He dipped her, making her laugh, and when she was upright again, she looked past him to see the Mountie at the bar. He was facing away from them, listening intently to the barman. That told her everything she needed to know about his relationship with Ray—he was sufficiently sure of himself that didn't need to keep tabs. And it said everything about Ray's feelings for her, too. It was really over.

Ray spun her, then caught her close to him, prompting misguided catcalls from Huey and Dewey, which they both ignored. "Hey, Stell."

"Hey," she said, smiling up at him, determined not to let him see the small ache of displacement she knew would soon pass.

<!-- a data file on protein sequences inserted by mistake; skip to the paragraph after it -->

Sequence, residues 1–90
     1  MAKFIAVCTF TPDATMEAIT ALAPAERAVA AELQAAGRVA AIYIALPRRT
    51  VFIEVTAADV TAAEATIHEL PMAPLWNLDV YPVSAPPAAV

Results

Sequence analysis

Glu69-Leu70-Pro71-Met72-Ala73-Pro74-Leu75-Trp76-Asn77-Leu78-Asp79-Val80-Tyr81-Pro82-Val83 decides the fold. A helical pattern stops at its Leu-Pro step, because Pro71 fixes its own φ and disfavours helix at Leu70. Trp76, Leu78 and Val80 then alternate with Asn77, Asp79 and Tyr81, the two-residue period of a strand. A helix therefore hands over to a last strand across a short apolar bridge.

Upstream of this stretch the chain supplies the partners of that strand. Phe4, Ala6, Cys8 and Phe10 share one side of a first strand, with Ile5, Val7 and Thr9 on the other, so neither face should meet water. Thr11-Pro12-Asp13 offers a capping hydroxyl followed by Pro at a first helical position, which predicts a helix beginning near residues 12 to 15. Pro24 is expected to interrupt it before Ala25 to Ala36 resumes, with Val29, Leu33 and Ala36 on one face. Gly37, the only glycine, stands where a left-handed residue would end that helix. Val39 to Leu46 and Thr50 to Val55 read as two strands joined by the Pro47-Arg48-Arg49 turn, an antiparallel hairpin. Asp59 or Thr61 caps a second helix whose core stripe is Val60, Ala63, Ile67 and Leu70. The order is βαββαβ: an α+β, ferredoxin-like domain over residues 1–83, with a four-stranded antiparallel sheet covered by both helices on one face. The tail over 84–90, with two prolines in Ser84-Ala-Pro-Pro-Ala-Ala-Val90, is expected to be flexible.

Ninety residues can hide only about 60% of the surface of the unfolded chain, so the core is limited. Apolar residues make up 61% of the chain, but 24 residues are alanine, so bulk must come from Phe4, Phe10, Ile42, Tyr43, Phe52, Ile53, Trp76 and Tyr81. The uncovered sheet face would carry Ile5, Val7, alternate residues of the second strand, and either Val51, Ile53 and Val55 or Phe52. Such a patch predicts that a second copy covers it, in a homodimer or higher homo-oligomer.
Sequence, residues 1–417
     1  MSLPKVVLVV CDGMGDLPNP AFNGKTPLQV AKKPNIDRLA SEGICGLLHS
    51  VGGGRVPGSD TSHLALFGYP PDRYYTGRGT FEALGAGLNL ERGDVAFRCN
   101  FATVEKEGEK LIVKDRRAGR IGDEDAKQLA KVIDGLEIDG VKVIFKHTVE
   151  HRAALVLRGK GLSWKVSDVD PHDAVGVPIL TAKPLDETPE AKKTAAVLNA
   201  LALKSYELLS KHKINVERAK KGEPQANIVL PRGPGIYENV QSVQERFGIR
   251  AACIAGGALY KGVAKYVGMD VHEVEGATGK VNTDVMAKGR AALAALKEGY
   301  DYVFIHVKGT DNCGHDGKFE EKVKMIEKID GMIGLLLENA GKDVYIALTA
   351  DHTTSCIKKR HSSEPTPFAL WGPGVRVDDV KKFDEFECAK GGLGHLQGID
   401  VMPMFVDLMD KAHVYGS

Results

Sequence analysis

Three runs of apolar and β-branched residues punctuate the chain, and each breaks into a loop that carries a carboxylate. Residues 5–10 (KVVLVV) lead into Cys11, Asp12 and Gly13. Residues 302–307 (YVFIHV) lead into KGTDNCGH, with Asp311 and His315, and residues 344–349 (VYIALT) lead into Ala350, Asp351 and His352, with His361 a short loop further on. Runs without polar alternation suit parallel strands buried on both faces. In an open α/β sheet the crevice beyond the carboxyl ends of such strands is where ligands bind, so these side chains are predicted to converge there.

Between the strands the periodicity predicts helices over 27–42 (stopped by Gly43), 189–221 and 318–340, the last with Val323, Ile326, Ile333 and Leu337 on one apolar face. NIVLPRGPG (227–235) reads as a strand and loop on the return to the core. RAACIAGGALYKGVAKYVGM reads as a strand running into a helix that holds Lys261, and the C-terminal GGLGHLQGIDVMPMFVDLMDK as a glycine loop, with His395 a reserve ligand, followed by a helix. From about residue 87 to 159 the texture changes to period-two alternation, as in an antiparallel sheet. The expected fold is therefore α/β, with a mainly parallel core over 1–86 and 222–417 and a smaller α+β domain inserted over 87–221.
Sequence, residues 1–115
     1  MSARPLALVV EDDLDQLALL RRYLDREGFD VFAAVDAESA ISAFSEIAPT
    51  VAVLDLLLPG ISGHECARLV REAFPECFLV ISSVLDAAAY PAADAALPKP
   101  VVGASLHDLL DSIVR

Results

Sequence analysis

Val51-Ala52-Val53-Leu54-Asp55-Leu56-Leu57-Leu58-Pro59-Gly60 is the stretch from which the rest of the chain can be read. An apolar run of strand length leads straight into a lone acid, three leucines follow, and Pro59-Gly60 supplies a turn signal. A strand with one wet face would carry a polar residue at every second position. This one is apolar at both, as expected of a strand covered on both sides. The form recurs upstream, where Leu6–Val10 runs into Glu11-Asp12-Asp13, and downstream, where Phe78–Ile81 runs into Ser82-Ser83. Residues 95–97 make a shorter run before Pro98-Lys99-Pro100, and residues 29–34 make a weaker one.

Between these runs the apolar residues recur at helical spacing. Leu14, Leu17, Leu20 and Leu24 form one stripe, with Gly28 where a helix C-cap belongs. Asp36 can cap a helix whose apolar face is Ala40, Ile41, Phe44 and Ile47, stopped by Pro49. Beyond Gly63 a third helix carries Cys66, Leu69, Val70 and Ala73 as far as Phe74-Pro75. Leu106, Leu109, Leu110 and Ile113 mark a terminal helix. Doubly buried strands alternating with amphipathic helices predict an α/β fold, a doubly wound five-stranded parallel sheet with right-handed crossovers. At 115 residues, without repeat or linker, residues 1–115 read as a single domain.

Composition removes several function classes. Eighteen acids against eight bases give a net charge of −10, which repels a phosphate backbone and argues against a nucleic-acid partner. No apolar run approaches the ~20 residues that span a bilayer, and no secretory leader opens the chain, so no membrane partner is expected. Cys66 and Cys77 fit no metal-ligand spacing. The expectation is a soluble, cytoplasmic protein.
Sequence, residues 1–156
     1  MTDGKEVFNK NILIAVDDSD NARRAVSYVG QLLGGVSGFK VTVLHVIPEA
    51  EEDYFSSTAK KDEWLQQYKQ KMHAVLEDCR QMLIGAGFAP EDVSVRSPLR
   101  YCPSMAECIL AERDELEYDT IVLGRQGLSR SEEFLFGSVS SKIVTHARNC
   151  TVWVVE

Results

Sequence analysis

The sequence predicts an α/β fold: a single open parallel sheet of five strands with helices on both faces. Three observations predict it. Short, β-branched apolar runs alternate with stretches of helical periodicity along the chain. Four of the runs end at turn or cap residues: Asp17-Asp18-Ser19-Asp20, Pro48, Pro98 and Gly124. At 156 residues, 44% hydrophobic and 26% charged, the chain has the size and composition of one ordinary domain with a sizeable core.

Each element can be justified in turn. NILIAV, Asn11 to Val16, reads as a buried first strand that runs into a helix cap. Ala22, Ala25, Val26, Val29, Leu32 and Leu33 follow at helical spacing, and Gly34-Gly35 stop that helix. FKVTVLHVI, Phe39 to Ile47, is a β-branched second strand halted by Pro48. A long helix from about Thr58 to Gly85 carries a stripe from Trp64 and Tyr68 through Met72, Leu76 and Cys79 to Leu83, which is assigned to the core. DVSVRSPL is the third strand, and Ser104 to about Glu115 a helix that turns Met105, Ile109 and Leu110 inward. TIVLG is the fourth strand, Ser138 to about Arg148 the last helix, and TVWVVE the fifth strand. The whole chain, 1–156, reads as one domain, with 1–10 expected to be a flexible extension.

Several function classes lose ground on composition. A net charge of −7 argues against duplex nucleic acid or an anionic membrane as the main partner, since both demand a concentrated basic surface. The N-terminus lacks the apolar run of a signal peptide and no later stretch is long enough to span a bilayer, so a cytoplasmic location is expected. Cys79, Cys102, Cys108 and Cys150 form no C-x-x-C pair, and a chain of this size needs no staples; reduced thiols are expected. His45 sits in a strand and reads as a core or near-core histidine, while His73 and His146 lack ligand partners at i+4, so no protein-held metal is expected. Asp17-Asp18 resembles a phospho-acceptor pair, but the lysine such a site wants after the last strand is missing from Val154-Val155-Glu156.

"The first dance of the rest of your life." Ray's voice was light but serious. "D'you think we'll ever be friends again, maybe?"

"We were never friends, Ray," said Stella automatically. And it was true: classmates, partners, lovers, husband and wife, exes. Never friends.

He frowned slightly, like he wanted to argue, but stayed quiet. They danced to the last few bars of the song before she added, "But now—I think—"

"Yeah?" He twirled her around in a big finish and pulled her back into his arms.

She pushed away from him just a couple of inches, giving them both some space. "Yeah, Ray. I think yeah."